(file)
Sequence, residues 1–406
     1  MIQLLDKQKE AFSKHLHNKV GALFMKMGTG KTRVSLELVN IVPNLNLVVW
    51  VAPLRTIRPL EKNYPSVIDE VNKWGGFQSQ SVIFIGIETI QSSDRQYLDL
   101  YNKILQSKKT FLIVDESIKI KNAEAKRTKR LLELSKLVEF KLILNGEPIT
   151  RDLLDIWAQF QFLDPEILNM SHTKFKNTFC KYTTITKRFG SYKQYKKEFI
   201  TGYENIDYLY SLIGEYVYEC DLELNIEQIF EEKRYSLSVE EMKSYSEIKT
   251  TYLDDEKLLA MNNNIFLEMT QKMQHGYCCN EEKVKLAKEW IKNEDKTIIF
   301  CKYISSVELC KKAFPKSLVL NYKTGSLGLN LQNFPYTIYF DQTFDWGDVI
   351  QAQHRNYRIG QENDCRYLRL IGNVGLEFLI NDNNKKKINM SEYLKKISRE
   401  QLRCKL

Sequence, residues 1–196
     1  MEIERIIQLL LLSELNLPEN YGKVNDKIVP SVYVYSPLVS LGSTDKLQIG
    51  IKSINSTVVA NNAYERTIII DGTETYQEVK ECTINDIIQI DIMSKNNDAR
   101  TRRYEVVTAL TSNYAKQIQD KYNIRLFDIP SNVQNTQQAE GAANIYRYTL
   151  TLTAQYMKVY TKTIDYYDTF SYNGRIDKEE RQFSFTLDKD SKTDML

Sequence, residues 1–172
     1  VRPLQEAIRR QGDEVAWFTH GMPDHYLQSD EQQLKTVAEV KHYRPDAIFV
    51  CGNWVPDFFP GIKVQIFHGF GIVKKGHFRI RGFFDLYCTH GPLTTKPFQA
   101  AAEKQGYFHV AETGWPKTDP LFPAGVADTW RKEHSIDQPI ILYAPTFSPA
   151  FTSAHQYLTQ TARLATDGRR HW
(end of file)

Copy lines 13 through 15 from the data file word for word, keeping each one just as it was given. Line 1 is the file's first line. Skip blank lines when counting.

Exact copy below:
    51  IKSINSTVVA NNAYERTIII DGTETYQEVK ECTINDIIQI DIMSKNNDAR
   101  TRRYEVVTAL TSNYAKQIQD KYNIRLFDIP SNVQNTQQAE GAANIYRYTL
   151  TLTAQYMKVY TKTIDYYDTF SYNGRIDKEE RQFSFTLDKD SKTDML